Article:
The plan harnesses the massive buying power of Medicare, which presently relies on for-profit companies called Pharmacy Benefit Managers (PBMs) to negotiate. Studies show that the PBM rebate structure can inflate drug prices for the PBMs’ own profit gain. By negotiating directly, Medicare can cut out the middleman and deliver billions in savings to consumers. 

Regulatory reform

In his First 100 Days Action Plan, Trump called on the Food and Drug Administration (FDA) to do its part to inject competition in the market, saying, “Reforms will also include cutting the red tape at the FDA; there are over 4,000 drugs awaiting approval, and we especially want to speed the approval of life-saving medications.”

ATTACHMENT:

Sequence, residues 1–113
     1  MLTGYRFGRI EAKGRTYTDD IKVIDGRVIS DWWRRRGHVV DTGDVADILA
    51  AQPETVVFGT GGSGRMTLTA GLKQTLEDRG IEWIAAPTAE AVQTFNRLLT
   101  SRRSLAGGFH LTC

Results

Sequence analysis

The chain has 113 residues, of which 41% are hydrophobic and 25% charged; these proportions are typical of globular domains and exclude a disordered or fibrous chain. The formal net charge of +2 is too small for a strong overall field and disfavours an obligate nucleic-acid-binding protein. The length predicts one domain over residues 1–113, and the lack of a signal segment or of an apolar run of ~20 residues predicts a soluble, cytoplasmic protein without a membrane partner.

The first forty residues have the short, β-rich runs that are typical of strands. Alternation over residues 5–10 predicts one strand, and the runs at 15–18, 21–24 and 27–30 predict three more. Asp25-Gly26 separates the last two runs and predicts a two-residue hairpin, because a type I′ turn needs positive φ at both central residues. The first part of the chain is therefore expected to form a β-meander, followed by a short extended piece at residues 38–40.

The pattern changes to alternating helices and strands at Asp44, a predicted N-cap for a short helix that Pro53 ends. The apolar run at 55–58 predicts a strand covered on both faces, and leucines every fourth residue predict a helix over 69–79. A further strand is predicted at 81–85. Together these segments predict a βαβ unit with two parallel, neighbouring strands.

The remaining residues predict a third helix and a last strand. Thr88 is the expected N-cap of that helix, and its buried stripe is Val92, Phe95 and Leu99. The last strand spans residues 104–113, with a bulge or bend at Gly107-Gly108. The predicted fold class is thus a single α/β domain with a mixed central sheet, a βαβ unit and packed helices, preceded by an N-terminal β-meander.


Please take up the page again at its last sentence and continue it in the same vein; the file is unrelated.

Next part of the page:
The backlog includes some new drugs, but delayed entry of generic drugs due to regulatory abuse is exemplified by the backlog at FDA. Trump has also expressed a desire to allow re-importation of drugs, which is currently banned under Federal regulations.

There will be an opportunity for vast regulatory reform in the first year of Trump’s presidency, when Congress takes up The Prescription Drug User Fee Act (PDUFA), a must-pass FDA bill that can serve as a vehicle to building a sensible regulatory system that enhances competition. Trump has shown that he has no problem using the bully pulpit to communicate his priorities to Congress. He should use this power to put a spotlight on these issues and pressure Congress to enact meaningful reforms. Periodic congressional attention can not cure the problem.

Competition